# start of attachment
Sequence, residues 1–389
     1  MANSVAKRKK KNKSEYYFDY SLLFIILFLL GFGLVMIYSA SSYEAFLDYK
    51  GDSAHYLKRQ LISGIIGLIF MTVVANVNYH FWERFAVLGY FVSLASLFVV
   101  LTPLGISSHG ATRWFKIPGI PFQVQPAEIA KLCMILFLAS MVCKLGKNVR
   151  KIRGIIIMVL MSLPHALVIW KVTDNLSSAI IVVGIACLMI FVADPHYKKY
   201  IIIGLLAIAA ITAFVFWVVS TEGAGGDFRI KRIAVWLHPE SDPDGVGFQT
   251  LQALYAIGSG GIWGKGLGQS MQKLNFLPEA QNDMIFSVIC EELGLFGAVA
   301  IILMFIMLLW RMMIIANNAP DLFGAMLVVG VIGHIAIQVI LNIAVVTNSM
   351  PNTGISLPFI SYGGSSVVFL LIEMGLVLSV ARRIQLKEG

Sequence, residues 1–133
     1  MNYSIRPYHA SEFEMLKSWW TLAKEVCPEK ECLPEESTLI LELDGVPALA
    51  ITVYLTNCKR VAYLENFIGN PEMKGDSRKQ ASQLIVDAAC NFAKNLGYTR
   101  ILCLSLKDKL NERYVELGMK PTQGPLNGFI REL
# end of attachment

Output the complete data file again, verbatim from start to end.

Sequence, residues 1–389
     1  MANSVAKRKK KNKSEYYFDY SLLFIILFLL GFGLVMIYSA SSYEAFLDYK
    51  GDSAHYLKRQ LISGIIGLIF MTVVANVNYH FWERFAVLGY FVSLASLFVV
   101  LTPLGISSHG ATRWFKIPGI PFQVQPAEIA KLCMILFLAS MVCKLGKNVR
   151  KIRGIIIMVL MSLPHALVIW KVTDNLSSAI IVVGIACLMI FVADPHYKKY
   201  IIIGLLAIAA ITAFVFWVVS TEGAGGDFRI KRIAVWLHPE SDPDGVGFQT
   251  LQALYAIGSG GIWGKGLGQS MQKLNFLPEA QNDMIFSVIC EELGLFGAVA
   301  IILMFIMLLW RMMIIANNAP DLFGAMLVVG VIGHIAIQVI LNIAVVTNSM
   351  PNTGISLPFI SYGGSSVVFL LIEMGLVLSV ARRIQLKEG

Sequence, residues 1–133
     1  MNYSIRPYHA SEFEMLKSWW TLAKEVCPEK ECLPEESTLI LELDGVPALA
    51  ITVYLTNCKR VAYLENFIGN PEMKGDSRKQ ASQLIVDAAC NFAKNLGYTR
   101  ILCLSLKDKL NERYVELGMK PTQGPLNGFI REL